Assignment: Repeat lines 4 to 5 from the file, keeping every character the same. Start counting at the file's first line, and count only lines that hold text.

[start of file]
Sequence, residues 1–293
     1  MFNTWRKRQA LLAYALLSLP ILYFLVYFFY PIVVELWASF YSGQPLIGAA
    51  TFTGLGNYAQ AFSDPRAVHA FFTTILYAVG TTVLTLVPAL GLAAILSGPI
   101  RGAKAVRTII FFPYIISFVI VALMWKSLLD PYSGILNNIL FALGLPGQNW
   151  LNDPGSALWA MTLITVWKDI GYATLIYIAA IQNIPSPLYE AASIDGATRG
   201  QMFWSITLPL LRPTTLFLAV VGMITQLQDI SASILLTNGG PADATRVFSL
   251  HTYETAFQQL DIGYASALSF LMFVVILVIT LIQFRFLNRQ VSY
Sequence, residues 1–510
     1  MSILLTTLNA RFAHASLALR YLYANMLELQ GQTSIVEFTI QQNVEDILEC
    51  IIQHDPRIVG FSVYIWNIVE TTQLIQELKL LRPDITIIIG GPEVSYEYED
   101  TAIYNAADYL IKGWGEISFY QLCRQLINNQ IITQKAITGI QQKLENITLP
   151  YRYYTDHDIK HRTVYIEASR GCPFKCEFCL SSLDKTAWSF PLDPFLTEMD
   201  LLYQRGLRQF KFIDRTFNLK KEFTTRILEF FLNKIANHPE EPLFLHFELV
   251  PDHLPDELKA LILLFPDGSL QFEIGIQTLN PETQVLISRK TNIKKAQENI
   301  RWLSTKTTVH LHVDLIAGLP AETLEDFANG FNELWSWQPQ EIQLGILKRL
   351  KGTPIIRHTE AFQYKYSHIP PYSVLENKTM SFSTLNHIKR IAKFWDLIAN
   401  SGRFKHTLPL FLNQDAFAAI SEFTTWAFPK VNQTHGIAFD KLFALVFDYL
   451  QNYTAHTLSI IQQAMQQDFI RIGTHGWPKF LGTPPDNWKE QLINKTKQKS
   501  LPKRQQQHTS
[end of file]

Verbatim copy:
   101  RGAKAVRTII FFPYIISFVI VALMWKSLLD PYSGILNNIL FALGLPGQNW
   151  LNDPGSALWA MTLITVWKDI GYATLIYIAA IQNIPSPLYE AASIDGATRG